Mutual Funds SIP Invest Now1358 views
- ELSS packs more punch than other tax saving products owing to more returns
- ELSS comes with no investment cap as opposed to competing products that allow deposits of up to ₹1.5 lakh a year
Financial planning for the future can be one heck of a task considering the numerous ups and downs that are parts and parcel of one’s life. Keeping in mind the unforeseen challenges ahead, you should look to keep money in financial instruments that could generate substantial returns to enable a smooth ride. But, good returns alone can’t pave it for you. Yes, you read it right! The investments you make have to be tax-friendly at the same time so as to generate maximum corpus.
There are products such as Equity-linked Savings Scheme (ELSS), Public Provident Fund (PPF), Tax-saver Bank Fixed Deposit, National Savings Certificate (NSC) you could invest in to meet the purpose of returns and tax benefits. All these products offer income tax benefits under Section 80C of the Income Tax Act.
You should, therefore, compare these investments and choose one with maximum benefits on offer. Let’s head straight to the table below showing the comparison of the products offering income tax benefits under Section 80C.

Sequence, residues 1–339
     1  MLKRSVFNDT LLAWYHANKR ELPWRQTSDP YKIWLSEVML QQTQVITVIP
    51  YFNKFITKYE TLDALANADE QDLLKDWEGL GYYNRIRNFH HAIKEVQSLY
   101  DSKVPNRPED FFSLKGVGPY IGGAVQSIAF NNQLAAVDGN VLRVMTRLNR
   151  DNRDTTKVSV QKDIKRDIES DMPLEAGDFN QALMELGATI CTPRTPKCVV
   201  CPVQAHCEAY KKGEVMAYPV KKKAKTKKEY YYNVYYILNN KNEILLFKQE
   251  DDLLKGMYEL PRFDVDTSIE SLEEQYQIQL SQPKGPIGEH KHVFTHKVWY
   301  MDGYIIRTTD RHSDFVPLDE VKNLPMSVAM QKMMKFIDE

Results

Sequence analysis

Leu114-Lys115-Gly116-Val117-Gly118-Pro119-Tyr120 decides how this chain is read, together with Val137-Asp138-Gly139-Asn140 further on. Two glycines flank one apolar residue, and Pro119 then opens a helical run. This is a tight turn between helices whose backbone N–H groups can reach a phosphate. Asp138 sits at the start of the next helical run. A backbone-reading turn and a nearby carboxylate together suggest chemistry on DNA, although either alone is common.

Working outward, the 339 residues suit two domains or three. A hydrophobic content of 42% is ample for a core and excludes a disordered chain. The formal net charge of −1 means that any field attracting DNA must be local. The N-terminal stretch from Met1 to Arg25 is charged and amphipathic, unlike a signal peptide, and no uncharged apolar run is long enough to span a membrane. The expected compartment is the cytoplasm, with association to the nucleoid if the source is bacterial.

Table Comparing Tax-saving Products Available Under Section 80C on Different Investment Aspects
|Investment Aspects||ELSS||Tax-saver Fixed Deposit||NSC||PPF|
|Lock-in period||3 Years||5 Years||5-10 Years||15 Years|
|Tax Deduction Limit||Up to ₹1.5 lakh in a financial year||Up to ₹1.5 lakh in a financial year||Up to ₹1.5 lakh in a financial year||Up to ₹1.5 lakh in a financial year|
|Interest Rate/Returns Applicable||12%-15% (Average)||5.50%-7.55% per annum||8% per annum||8% per annum|
|Minimum Investment Amount Permitted||₹500||₹1,000||₹100||₹500|
|Maximum Investment Amount Permitted||No Limit||Up to ₹1.5 lakh a year (However, only one lump sum deposit is allowed)||Up to ₹1.5 lakh a year||Up to ₹1.5 lakh a year|
|Premature Withdrawal Facility||Not available||Not available||Available during events such as the death of the investor or by the court order||Partial withdrawal allowed from the 7th financial year onward|
The table above clearly indicates ELSS to be a better option over other tax-saving schemes in terms of lock-in period and return prospects even though the latter point is increasingly dictated by the stock market sentiments during the period of investment. Also, there’s no investment cap on ELSS as opposed to its competing products where you can’t invest beyond a specific amount in a year. No investment cap raises the possibility of raking in massive surplus because of the high-return proposition of equities. ELSS investments can lead to an average return of around 12%-15% over a long period. With such return prospects, you can easily ward off the challenges posed by inflation in the future.
So, if you can invest in the volatility of equities, ELSS with a higher return proposition should be a better pick than its counterparts. Else, you can choose from the fixed income instruments of bank FDs, NSC or PPF on factors such as investment flexibility, returns, etc. However, you may have to put more money into these instruments to generate a surplus that can help deal with the high inflation scenario in the future.